Velvet Review: Four Lions

This weekend sees the release of Four Lions – the controversial film debut of Nathan Barley & Brass Eye creator Chris Morris.  Head peeler DidymusBrush managed to take a look, and this is his review…

© Warp Films

© Warp Films

It was never going to be an easy ride.  For the past two decades, Chris Morris has taken the rocky path at almost every opportunity – perhaps never more so than with the infamous Brass Eye special.  Never one to deliberately court controversy (he says he finds it boring), Morris nevertheless refuses to take his audience for granted, yet also steadfastly refuses to pander to them either.  One only has to look at his last major project in the writers/directors chair, Nathan Barley to see that.

But few could have predicted that the man who made Dr Fox claim paedophiles were genetic cousins of crabs would be bold enough to tackle the subject of Islamic fundamentalism.  Given the furore over Danish cartoons mocking the prophet Mohammed, a film which appeared to poke fun at the concept of martyrdom appeared to be asking for trouble – and for such a private family man, also a potentially deadly threat from those who felt wronged by his “art”.

© Warp Films / Film Four / Wild Bunch

© Warp Films / Film Four / Wild Bunch

They needn’t have worried, however.  Whilst some may cast off Morris as a shock-merchant, their ignorance would surely be tested watching Four Lions, in which Omar, Waj, Faisal, Barry and Hassan – five English muslims in the heart of Greater Manchester – plot to become suicide bombers to wage war against the West.  Whilst the men are portrayed, on the whole, as blundering buffoons, the religion itself and, remarkably, the concepts on show, are dealt with respectfully.  They may plan to attach bombs to crows, cook their SIM cards to prevent the authorities finding them, and wobble their faces from side to side to blur security camera images (or even in the case of Faisal, wear a cardboard box on his head whenever he is filmed!), but oddly, the film is on their side.

That’s not to say that Four Lions is an indictment of the West, despite previous projects from Chris Morris famously ridiculing aspects of our society – from scaremongering news presentation to the preposterous clinging onto a hollow and pointless youth culture.  However, it presents the human side to these people, especially our ‘hero’ Omar.  He’s a family man, with a loving wife and a young son: both of whom having accepted his mission to martyrdom as his duty, and loving him all the more for it – yet totally avoiding the stereotypes that the film could have so easily fallen back on.  They laugh, they joke, they have water pistol fights and talk about The Lion King – they are, quite simply, normal people with an extraordinary role to play in life with a fundamental belief system that doesn’t agree with our own.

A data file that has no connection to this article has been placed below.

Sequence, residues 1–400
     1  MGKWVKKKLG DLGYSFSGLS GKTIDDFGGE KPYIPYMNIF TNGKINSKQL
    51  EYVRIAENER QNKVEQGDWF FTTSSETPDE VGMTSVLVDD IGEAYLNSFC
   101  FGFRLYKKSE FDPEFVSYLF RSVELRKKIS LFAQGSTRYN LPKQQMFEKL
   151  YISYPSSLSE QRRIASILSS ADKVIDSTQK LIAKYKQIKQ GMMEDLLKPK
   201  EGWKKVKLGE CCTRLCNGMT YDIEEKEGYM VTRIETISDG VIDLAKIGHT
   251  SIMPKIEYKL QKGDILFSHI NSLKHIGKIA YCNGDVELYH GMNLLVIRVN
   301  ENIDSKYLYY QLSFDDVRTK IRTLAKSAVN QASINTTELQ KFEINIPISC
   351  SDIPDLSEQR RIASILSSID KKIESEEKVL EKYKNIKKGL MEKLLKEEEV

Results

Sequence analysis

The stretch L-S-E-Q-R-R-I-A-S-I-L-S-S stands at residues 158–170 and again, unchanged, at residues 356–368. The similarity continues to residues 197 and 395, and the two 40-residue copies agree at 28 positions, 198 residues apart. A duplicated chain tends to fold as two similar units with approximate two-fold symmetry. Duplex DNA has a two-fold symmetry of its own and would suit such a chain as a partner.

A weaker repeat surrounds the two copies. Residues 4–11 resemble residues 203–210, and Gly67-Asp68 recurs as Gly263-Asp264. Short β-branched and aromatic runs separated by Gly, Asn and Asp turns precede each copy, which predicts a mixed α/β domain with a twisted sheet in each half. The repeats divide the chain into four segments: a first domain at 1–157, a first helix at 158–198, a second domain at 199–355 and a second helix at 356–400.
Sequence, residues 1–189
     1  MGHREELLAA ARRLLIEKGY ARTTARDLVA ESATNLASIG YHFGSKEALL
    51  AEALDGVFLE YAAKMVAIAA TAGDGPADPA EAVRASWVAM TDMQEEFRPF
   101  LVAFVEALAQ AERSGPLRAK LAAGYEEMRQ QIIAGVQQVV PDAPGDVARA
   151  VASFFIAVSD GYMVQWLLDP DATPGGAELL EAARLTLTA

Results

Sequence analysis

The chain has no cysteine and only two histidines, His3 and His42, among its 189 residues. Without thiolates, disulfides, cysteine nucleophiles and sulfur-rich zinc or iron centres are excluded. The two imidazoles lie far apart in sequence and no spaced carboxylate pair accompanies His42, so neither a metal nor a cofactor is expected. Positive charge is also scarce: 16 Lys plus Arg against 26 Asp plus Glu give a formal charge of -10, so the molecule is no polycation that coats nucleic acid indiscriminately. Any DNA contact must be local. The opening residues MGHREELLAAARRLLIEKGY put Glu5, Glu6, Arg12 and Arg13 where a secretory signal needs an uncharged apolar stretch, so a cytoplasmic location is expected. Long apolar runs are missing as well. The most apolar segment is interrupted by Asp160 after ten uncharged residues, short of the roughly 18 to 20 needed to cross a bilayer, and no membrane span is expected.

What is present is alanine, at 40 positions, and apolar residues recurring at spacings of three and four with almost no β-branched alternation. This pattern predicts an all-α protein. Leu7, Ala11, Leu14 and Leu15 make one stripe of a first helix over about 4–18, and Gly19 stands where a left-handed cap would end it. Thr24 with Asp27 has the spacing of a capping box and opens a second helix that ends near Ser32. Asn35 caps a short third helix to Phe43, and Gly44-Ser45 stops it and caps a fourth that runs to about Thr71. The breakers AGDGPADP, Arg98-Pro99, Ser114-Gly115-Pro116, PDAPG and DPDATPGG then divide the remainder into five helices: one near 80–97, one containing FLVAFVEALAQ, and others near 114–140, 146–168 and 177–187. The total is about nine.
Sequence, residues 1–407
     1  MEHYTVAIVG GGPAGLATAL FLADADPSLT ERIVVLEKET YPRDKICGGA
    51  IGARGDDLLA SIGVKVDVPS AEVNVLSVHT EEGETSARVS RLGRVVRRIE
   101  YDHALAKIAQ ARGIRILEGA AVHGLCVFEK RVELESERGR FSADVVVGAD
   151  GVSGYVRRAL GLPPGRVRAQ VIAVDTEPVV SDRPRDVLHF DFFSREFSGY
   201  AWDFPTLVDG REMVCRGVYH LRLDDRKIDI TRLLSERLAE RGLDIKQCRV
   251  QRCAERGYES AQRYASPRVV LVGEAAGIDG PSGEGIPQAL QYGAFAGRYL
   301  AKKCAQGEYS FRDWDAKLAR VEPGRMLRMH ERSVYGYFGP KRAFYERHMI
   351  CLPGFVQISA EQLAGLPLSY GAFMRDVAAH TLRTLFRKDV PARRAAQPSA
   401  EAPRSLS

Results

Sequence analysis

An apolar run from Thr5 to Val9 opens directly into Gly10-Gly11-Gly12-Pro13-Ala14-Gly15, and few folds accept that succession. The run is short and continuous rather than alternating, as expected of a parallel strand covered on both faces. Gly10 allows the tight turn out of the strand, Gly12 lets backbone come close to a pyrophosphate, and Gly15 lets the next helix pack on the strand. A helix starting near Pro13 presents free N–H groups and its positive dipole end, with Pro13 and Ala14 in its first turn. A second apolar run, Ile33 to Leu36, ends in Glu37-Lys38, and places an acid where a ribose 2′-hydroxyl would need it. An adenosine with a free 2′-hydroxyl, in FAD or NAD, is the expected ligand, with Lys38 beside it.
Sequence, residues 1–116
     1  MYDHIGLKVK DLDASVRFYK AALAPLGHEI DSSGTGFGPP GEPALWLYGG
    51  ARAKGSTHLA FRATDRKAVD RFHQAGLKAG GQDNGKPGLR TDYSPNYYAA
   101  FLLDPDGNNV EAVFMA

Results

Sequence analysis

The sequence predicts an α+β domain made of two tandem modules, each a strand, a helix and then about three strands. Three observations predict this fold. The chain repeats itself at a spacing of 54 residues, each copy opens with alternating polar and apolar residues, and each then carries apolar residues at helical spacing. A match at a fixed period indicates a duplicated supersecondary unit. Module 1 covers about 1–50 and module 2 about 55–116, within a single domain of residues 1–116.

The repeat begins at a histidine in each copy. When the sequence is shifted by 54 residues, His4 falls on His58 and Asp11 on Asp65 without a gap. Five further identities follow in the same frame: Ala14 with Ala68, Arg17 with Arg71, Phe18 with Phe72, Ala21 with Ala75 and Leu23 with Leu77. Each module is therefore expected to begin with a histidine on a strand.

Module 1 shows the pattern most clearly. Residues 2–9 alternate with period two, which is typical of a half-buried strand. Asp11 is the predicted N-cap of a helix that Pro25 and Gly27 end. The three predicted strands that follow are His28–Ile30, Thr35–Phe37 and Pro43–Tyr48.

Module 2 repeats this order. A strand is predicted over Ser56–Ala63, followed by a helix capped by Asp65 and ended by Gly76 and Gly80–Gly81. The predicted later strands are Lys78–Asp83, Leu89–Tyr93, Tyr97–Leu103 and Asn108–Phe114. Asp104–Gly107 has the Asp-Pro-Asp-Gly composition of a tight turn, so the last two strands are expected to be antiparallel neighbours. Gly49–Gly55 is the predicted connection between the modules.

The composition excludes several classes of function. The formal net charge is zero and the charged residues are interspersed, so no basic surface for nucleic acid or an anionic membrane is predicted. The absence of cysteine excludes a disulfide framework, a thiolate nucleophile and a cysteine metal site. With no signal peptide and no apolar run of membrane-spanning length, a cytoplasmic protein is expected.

© Warp Films / Film Four / Wild Bunch

© Warp Films / Film Four / Wild Bunch

And this, perhaps, is where Four Lions succeeds where it could have failed.  Yes, its hilarious from start to finish.  Yes, it’ll make you look at Toploader in a whole new light, and you’ll never be able to see a Ninja Turtle in quite the same way again.  Yes, it even has glorious cameo appearances from old friends that we won’t spoil for you here (except to say a few of them have very strong links to this website!) – and some genuinely laugh-out loud moments.  But what really rises this film above your average comedy is that you genuinely like the characters so much, that when the inevitable has to happen (and really, there was no logical way around it that wouldn’t spoil the film and insult a belief group in one fell swoop), the results are much like the film as a whole – simultaneously funny, shocking, bitter-sweet and surprisingly moving.

Four Lions is in UK cinemas now.  See a clip from the film below, and visit its official website here.

2 Comments on Velvet Review: Four Lions

  1. I just got back from the screening of 4 Lions for the Sydney Film Festival. The theatre was packed, and people loved it, laughing out loud & giving a huge applause at the end.
    Chris introduced the film and explained how and why he created it. He was hilarious, it was a short but sweet dose of stand-up, and likewise with the Q & A at the end. Interestingly, some of the scenes set in Pakistan were filmed in Spain.
    When asked why he chose Julia Davis to be in the film he said he wanted someone disturbed.
    I too enjoyed the delightful appearance of a (kind of) Boosh related character!

    Like

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